Thousands of students across the city are collecting their GCSE results today (24 August) following major changes to the exams. This year students are being awarded a mixture of number and letter grades in the next step towards number-only grades in 2019.
English language, English literature and maths are the first subjects to be reformed and are now graded from 9 to 1, with 9 representing the highest grade. The curriculum for these subjects has also become more challenging. All other subjects will continue to be graded by letters from A*- G this year.
Provisional results for Bristol show that 58% have achieved grade 9 – 4 in English and maths, with over 3,000 students taking the exams this year. Due to changes in the grading system it is not possible to directly compare results with previous years.
Marvin Rees, Mayor of Bristol, said:
“Well done to all of our young people who took their GCSEs this year, as well as the families, carers, teachers and governors who have been instrumental in these results. A huge amount of hard work goes into these exams and with tougher curriculum and number grades introduced this year our pupils have had to overcome many new challenges to succeed. To those who may be disappointed with their results today, I would say don’t be disheartened – you can still do well in the future.”
Jon Angell, chair of the secondary heads association and Principal at City Academy, said:
“The improvements that we have seen in Bristol schools over the last few years continue to deliver impressive outcomes for our students as we celebrate another set of great results across the city. Congratulations to the students and a huge thank you to everyone who has supported them along the way.”
Councillor Claire Hiscott, Cabinet Member for education and skills, said:
“We should be very proud of all the young people collecting their results today. It’s so important that pupils have the support they need to reach their full potential so we have been working together with schools through our Learning City partnership to make sure successes are shared. It is our collective goal to ensure all young people in Bristol have access to a good education.”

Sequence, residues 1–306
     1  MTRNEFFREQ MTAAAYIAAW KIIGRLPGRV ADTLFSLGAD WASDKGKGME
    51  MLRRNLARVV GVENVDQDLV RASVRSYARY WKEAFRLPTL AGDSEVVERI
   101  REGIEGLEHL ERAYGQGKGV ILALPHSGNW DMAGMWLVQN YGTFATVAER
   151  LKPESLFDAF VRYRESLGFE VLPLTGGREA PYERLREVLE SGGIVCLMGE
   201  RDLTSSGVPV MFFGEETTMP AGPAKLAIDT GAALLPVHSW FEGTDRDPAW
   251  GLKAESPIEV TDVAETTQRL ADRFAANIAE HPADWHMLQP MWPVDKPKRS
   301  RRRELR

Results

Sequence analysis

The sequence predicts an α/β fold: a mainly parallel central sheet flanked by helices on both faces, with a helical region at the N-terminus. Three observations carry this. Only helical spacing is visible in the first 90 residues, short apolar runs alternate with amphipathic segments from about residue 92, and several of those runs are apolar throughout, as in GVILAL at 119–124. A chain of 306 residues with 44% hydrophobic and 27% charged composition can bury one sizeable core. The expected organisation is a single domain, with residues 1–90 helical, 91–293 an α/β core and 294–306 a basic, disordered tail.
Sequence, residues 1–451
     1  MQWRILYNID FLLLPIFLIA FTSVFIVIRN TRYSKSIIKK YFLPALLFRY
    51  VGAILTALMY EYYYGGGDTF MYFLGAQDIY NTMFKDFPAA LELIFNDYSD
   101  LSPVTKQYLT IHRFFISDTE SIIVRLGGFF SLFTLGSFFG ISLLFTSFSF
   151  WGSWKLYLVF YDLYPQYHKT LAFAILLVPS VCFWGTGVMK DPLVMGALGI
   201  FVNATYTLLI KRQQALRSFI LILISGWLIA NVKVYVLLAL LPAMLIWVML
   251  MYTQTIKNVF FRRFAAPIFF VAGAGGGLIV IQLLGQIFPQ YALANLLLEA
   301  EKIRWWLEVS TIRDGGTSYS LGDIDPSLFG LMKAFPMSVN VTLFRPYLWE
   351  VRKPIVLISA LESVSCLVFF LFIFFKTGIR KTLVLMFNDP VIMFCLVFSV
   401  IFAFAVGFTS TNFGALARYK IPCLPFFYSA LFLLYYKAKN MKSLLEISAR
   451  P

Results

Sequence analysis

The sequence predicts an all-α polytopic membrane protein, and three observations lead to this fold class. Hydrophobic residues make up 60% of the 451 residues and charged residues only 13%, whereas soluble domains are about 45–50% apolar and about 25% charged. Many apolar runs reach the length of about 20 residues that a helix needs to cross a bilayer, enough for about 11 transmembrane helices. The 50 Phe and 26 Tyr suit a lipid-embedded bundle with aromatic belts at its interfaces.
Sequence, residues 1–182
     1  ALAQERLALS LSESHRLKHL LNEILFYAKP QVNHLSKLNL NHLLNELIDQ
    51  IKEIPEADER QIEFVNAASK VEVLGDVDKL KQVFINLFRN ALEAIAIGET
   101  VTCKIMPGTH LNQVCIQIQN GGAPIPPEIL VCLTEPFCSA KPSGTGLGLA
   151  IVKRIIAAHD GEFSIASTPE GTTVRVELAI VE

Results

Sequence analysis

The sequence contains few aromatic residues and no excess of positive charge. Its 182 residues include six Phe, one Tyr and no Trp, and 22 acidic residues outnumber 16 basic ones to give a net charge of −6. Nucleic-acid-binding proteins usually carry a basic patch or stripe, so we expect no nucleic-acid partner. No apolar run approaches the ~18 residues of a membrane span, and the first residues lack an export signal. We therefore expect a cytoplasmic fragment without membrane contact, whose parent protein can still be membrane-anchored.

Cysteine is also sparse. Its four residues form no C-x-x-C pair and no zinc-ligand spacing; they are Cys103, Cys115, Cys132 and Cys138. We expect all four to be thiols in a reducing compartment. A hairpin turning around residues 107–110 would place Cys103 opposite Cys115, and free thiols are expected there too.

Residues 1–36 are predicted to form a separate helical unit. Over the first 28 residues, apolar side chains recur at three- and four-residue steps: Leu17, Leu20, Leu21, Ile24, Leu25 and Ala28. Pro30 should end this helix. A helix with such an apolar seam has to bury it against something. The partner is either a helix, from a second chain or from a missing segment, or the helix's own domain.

Currently 95% of Bristol’s secondary schools are rated as ‘good’ or ‘outstanding’ by OFSTED, compared to a national average of 79%. Results are all provisional until they are confirmed later in October, but across the city there are some success stories of schools and students who have done well.
Redland Green saw an 88% pass rate whilst at Cotham School 49 students achieved five or more grades A/A* or grade 7-9, with 70% of students reaching grade 4 and above English and maths. Bristol Metropolitan Academy, Bedminster Down School, Oasis Brislington Academy, Colston’s Girls’ School and Fairfield High School all saw increases in students achieving this standard. St Bede’s Catholic College also saw a higher pass rate (80%) during principal Ms Hughes’ last year at the school following 22 years of service.
Bedminster Down School Headteacher Gary Schlick said:
“It’s been an uncertain year for schools across the country with the start of a new grading and examination system so I’m particularly delighted that students and teachers have gained a strong set of results. All students at Bedminster Down are leaving school with either a place for further study or an apprenticeship.”
Executive Principal at Fairfield High School, Catriona Mangham said:
“I am delighted that the hard work of our students and staff has been rewarded, particularly in our outstanding results in English and maths. In a difficult year, they have come up trumps and our young people will be well placed to take their next steps in education or training. As a diverse and truly comprehensive school, it is pleasing to note the excellent progress made by disadvantaged students, those with English as an additional language and those in care.”
At St Mary Redcliffe and Temple School 87% of students obtained grade 4 or above in English and maths and 32% received grade A or 7 and above. Headteacher Elisabeth Gilpen commented:
“I am so pleased that, by way of these results, our students have opened the door to the next stage of their education or training and that many will be continuing in our own Redcliffe Sixth Form Centre.”
Under the new system, grade 9 is not the same as A* but is a new grade designed to recognise the very highest performing students so fewer grade 9 marks will be awarded than A*s. The C grade range has been divided into two new numerical grades with grade 4 a ‘standard pass’ and grade 5 a ‘strong pass’.
The grade reforms follow on from changes introduced last year which introduced two new measurements known as Attainment 8 and Progress 8. The first of these, Attainment 8, is concerned with individual’s achievement across eight qualifications including English and maths, which are double weighted. Progress 8 measures how well schools have helped students to progress and looks at how much they have improved from the end of Key Stage 2, compared with students nationally with similar starting points.